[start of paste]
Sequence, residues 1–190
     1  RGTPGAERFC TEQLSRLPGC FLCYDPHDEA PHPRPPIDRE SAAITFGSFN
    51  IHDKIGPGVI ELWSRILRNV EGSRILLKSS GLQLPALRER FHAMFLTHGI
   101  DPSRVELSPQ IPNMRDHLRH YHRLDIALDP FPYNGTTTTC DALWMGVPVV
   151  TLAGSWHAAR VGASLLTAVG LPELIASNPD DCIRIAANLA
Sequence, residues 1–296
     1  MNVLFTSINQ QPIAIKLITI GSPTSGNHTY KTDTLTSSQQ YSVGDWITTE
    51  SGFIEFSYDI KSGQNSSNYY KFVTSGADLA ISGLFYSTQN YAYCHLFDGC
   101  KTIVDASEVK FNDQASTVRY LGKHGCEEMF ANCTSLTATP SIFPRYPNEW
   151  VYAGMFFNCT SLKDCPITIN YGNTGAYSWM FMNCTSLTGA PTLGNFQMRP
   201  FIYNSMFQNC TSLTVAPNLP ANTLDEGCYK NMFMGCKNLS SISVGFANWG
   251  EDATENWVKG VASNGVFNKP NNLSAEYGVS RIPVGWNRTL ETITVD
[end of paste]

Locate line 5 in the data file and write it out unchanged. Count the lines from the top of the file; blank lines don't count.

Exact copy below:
   151  TLAGSWHAAR VGASLLTAVG LPELIASNPD DCIRIAANLA